Lawyers fear cerebral palsy sufferers will be stripped of their legal right to sue for medical negligence under a new injury insurance scheme being developed by the federal government.
The Australian Lawyers Alliance fear the National Injury Insurance Scheme, if introduced, may mean children who are born with cerebral palsy due to medical malpractice may be unable to take civil action to compensate for lifetime care and support.
The alliance has pointed to a major negligence case in the ACT, in which a family settled for $7.5 million, as evidence of the importance of civil action in such cases.
In that case, the family had alleged that malpractice at Canberra Hospital caused their son's cerebral palsy when he was born, and settled recently after action in the ACT Supreme Court.
The alliance has warned that plans to introduce a National Injury Insurance Scheme, which is being developed alongside the National Disability Insurance Scheme, could prevent sufferers from taking similar action.
But the federal government said no decision had been made on such an approach, and that full consultation on the scheme was yet to take place.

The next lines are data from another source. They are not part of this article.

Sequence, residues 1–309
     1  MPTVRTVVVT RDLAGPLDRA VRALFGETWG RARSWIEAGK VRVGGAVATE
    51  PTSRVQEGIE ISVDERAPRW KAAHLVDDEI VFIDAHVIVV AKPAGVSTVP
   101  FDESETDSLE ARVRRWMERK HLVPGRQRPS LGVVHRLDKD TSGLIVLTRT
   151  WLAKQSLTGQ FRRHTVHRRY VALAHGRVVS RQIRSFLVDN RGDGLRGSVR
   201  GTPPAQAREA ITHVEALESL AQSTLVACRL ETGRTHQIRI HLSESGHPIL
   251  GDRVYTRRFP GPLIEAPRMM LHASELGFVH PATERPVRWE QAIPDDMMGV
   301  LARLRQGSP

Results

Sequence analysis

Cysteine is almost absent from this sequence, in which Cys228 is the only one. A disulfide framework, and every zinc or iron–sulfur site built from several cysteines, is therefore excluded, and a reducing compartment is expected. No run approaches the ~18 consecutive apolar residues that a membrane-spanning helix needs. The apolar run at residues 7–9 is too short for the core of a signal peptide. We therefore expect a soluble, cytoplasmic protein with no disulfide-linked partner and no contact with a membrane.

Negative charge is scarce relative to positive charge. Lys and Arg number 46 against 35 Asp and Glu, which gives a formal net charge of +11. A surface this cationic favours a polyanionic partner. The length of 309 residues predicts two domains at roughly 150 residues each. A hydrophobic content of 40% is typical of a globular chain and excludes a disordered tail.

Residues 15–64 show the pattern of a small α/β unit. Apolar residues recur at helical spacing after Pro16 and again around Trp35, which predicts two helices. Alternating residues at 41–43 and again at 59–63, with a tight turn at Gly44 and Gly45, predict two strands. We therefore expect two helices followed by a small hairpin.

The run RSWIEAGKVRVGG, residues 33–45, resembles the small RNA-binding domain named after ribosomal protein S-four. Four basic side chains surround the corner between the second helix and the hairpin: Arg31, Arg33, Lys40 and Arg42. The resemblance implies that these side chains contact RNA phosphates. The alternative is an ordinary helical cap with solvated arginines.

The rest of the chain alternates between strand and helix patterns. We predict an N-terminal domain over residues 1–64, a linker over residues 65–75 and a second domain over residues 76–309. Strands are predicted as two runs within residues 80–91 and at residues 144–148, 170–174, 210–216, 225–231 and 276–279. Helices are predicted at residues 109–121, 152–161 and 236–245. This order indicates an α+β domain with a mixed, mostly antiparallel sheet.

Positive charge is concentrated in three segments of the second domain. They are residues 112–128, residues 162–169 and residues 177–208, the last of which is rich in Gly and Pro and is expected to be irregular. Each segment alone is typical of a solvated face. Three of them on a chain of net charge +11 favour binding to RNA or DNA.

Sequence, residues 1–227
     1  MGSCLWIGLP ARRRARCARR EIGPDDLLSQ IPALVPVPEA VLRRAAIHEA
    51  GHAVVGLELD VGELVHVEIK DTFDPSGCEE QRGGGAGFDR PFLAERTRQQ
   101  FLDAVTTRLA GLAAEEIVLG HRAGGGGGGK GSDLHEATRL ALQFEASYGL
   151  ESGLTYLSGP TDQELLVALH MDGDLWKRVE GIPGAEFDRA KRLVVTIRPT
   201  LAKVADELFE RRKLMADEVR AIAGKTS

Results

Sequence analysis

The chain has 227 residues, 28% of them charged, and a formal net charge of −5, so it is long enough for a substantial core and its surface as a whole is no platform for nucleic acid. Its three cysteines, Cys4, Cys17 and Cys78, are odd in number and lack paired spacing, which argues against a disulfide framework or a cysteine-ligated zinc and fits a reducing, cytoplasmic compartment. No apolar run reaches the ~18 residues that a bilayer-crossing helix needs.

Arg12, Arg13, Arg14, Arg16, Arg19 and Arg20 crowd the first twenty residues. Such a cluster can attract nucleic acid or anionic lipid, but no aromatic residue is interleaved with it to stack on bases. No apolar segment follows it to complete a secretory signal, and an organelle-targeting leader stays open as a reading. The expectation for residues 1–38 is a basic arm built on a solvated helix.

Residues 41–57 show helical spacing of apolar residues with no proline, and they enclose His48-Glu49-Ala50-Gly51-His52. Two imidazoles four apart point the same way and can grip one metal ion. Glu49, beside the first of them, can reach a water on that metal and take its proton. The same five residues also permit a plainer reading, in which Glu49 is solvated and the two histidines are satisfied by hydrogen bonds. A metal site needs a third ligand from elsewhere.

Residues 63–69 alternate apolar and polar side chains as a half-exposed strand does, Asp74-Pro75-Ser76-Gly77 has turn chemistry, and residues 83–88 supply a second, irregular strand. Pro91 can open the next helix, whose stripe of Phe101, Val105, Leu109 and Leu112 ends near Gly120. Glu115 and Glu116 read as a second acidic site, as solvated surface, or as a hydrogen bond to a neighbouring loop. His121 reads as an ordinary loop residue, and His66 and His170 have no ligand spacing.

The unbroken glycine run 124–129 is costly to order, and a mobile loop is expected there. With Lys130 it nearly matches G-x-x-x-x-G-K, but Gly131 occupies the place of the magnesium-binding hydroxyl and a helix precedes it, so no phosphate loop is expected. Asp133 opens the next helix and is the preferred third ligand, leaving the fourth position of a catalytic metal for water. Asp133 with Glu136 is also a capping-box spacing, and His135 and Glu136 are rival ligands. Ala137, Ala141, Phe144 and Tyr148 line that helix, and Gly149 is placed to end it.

"A decision regarding the implementation of a NIIS for medical treatment accidents will only be made following a public consultation process," a Treasury spokesman said.
"No decisions have been made with regard to rights to sue under the common law or the treatment of cerebral palsy."
The scheme is designed to provide no-fault lifetime care to Australians who suffer major injuries because of someone else's negligence.
But the Productivity Commission has recommended that cerebral palsy should be covered by the NDIS only, and not the National Injury Insurance Scheme.
Alliance national president Andrew Stone said that meant health and medical costs would not be covered, as they would be under the NDIS, and sufferers would only be able to access what is available under the public health system.
"The recent Canberra settlement clearly shows, contrary to the assertions of the Productivity Commission, that those who suffer cerebral palsy as a consequence of medical malpractice can successfully sue," Mr Stone said.
"In future cases such as the one settled in Canberra, people could be left without the right to sue for future medical costs, the ability to receive it under the NIIS, and any right to choose, even where negligence has occurred."